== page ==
I had filled pages and pages of my planner, I had set clear and reachable goals and succeeded in managing my expectations and my commitments. I had identified my Anchors, prioritized my actions, clearly noted the things I had to be grateful for each day, and defined goals that had once seemed only distant hopes or wishes but have now become clearly—and shockingly—attainable.
I turn forty in a couple of months. I’ve raised and homeschooled seven children; three to adulthood so far. I’ve moved more times and lived in more places than most people I know. I’m adaptable and have always prided myself on my free-spirited way of navigating the world. But I’ve always known that I can’t manage my time. I’ve always seen my weaknesses and my reluctance to set goals and make the changes that I know would improve my life.
I’ve always worked from home—something that I am grateful for the ability to do, and that I love. I’ve always homeschooled my kids. But I haven’t ever worked from home with my husband. I haven’t managed health scares and financial upheavals and a complete turning upside down of all that was just a month ago normal and predictable. I haven’t had to cancel summer vacations and visits with family that my heart really, really needed, or adjust to my now grown children living across different states and being alone in these confusing and trying times.
I know that the timing of my introduction to my friend’s labor of love was inspired. I know that it has helped me lay a foundation for my ability to happily and confidently and with total clarity navigate this unprecedented and uninvited new “normal”.
It has blessed my home, my marriage, and my ability to serve and care for others because each day begins with calm and clear focus on who I am, who I am going to be, and how my daily efforts are combining to shape the life I envision.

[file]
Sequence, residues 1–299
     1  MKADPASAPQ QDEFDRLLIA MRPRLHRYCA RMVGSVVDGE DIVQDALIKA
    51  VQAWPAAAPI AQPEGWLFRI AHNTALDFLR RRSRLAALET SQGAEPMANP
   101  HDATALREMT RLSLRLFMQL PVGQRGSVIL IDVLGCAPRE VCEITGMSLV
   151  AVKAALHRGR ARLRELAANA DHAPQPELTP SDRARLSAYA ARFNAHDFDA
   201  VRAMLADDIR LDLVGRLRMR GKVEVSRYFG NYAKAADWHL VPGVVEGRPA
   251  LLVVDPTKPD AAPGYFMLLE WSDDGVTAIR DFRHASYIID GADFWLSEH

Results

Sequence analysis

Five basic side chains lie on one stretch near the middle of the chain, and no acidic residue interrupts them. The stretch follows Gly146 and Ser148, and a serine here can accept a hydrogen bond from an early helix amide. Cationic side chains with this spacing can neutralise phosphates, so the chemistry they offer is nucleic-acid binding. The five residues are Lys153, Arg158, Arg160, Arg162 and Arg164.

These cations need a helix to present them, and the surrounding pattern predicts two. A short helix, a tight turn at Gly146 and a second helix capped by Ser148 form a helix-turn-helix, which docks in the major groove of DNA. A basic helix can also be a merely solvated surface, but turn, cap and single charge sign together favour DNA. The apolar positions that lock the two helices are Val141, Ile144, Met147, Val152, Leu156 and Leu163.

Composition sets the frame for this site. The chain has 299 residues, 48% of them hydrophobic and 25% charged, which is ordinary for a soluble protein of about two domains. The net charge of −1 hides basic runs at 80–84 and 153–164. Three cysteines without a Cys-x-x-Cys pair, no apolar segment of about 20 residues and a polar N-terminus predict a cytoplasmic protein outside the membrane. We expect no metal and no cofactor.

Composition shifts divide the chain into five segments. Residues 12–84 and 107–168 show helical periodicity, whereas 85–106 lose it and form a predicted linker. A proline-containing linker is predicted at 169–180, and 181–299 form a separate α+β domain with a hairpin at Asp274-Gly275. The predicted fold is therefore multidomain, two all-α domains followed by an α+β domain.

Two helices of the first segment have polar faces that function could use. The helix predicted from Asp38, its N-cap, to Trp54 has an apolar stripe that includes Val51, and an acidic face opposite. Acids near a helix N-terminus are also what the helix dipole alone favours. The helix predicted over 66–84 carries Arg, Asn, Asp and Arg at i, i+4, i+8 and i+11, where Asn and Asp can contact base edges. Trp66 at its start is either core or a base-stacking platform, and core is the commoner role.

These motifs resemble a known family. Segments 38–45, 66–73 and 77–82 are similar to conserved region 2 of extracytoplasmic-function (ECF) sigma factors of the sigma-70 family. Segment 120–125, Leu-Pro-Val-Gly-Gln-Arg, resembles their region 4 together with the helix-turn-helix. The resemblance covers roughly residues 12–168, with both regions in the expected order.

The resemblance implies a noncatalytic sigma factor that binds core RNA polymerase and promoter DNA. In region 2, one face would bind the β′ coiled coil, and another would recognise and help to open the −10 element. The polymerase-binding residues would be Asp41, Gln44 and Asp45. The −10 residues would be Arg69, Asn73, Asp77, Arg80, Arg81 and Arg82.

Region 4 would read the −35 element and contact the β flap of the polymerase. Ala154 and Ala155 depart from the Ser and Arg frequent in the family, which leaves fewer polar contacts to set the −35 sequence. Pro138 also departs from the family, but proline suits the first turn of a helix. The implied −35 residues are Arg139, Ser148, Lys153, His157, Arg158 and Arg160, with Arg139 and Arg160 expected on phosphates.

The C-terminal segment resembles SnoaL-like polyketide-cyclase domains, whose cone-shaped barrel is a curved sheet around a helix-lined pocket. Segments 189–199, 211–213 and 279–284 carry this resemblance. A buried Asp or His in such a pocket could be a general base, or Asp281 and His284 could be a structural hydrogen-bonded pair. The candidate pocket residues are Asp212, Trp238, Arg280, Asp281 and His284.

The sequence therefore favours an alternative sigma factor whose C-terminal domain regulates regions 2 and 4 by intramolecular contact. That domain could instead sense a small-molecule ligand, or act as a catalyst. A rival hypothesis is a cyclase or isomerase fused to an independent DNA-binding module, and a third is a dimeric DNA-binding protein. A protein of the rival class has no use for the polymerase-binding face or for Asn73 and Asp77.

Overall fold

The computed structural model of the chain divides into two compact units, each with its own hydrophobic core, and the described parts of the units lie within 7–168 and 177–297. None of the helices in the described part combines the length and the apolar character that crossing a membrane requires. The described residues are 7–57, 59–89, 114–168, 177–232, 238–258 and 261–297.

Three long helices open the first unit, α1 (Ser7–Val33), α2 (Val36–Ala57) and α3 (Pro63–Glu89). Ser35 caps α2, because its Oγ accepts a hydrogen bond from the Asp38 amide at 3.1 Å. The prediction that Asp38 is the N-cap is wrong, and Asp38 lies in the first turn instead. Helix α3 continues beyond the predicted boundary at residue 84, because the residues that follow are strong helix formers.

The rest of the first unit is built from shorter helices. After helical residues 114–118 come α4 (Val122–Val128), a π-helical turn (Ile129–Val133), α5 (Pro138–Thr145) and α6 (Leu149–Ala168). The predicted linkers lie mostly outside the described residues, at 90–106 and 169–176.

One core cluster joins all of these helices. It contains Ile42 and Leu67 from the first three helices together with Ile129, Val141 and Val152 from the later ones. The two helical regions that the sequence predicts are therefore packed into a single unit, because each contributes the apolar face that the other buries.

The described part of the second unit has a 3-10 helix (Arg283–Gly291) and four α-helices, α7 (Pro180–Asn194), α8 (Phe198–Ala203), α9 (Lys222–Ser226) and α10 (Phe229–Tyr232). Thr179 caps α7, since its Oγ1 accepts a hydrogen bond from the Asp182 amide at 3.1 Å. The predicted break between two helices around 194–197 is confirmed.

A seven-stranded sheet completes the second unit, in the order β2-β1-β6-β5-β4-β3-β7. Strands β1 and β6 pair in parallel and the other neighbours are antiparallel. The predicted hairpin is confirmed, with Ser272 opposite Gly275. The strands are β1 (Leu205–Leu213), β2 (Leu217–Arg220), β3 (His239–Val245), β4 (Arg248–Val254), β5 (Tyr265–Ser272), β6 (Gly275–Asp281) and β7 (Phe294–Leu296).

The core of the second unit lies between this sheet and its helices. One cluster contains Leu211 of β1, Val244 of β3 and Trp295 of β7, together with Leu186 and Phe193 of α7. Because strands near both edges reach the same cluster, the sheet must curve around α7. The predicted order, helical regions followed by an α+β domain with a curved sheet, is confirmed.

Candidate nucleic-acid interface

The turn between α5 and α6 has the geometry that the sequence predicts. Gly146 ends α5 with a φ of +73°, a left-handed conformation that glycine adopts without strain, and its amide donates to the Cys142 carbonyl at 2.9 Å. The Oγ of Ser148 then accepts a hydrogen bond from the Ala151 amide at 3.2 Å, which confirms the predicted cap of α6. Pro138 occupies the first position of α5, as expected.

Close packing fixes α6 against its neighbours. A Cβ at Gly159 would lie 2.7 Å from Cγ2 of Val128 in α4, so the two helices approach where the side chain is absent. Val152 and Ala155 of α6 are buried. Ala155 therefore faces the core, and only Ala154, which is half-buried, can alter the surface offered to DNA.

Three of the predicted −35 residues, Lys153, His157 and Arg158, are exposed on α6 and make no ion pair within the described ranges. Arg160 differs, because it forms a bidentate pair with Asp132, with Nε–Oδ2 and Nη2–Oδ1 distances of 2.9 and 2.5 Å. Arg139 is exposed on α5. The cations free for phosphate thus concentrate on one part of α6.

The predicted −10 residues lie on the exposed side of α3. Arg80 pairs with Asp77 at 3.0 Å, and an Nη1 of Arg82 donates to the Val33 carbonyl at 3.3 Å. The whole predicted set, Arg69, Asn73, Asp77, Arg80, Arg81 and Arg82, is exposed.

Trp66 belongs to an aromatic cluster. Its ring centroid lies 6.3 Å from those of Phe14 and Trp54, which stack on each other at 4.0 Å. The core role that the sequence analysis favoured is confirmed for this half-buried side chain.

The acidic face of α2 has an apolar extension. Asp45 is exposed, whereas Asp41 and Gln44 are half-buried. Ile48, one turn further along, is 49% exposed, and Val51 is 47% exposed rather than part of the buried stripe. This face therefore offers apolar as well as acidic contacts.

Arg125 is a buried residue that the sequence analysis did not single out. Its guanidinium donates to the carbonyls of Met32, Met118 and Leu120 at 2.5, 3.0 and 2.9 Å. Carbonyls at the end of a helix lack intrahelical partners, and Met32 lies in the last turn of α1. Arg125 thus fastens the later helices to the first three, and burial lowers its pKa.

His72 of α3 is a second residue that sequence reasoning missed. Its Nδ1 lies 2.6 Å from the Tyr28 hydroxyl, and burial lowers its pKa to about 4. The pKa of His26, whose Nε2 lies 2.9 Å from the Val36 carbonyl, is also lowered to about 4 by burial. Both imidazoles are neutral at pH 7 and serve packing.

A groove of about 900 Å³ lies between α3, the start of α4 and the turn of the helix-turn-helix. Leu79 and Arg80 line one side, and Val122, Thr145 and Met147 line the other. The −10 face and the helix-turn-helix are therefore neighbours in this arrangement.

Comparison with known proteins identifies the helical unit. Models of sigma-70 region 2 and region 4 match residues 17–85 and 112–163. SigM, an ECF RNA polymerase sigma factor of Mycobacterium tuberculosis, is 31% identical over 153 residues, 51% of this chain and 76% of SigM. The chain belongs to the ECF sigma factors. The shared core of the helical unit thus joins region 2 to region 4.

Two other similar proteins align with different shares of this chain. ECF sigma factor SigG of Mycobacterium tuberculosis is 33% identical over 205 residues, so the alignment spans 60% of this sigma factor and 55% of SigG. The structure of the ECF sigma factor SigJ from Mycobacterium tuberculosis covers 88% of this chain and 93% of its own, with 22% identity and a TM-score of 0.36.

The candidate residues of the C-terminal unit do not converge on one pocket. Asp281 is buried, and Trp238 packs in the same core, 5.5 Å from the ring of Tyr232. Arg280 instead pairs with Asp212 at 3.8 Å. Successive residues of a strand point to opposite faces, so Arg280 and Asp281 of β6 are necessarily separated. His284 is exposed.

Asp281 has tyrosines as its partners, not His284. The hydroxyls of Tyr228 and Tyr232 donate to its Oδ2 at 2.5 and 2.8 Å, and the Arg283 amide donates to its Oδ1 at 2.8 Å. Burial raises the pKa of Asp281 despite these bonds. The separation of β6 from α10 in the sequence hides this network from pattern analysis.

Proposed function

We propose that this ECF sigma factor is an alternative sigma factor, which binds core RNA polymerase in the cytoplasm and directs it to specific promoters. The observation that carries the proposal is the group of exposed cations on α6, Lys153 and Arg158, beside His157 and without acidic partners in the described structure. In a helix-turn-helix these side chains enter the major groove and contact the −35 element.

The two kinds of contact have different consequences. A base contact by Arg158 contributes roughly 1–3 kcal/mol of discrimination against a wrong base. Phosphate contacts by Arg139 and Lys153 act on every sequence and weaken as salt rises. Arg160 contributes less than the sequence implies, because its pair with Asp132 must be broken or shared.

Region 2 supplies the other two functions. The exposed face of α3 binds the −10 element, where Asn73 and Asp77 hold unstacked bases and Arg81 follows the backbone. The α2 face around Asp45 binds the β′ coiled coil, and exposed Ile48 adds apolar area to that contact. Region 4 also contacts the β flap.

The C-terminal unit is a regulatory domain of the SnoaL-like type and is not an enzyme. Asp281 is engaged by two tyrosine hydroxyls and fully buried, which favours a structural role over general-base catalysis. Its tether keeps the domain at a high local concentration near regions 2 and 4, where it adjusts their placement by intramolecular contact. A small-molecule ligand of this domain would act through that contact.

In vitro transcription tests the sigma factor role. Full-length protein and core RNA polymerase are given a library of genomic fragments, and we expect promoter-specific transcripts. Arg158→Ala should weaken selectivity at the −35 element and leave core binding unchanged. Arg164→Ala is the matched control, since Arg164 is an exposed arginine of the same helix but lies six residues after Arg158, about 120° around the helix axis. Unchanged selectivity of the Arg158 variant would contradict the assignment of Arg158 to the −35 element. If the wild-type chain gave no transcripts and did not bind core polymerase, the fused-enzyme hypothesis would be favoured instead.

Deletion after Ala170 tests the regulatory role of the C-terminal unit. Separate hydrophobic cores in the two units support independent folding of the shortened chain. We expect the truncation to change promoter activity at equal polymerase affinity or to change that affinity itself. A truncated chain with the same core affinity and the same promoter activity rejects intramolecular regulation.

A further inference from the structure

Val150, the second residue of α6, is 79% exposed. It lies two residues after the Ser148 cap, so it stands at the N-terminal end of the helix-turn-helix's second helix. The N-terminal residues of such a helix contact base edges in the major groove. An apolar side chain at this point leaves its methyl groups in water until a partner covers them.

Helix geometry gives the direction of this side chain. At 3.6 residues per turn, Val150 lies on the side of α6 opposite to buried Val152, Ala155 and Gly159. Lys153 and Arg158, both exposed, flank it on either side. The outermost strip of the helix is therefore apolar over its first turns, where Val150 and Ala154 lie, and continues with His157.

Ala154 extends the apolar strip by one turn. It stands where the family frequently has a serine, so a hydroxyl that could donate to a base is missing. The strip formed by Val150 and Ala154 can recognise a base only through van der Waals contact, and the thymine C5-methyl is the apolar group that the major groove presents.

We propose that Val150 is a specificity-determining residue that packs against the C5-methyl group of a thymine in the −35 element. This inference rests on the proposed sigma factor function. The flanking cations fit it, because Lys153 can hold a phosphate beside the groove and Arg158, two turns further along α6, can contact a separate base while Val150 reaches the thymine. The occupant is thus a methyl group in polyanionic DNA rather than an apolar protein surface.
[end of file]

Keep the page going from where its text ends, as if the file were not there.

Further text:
In this strange new world, the calm and clarity of parents and spouses and friends is more needed than ever before. The Universe provides us with the things we need before we even know that we need them if we will slow down just a little bit, listen just a little more closely, and try to be just a little more purposeful in the way we interact with the world around us.
Today I recognize the place that a product created by a wise and loving friend has had in making me a better steward of the time and talents and resources that I’ve been blessed with.
I suspect that we each can list experiences like mine—where in hindsight we realize that we were given gifts to prepare us for challenging times to come.I hope you’ll write them down. I’ve found that putting pen to paper in recording the ways that we are provided for and prepared in times of difficulty helps us face new trials and upheavals as they come with the confidence that we already have the tools at our disposal to get through them and come out better and stronger on the other side. It also helps to remember that you have a 100% track record of surviving the hardest things that life can throw at you. It turns out you’re pretty much killin’ it at life and you didn’t even know it.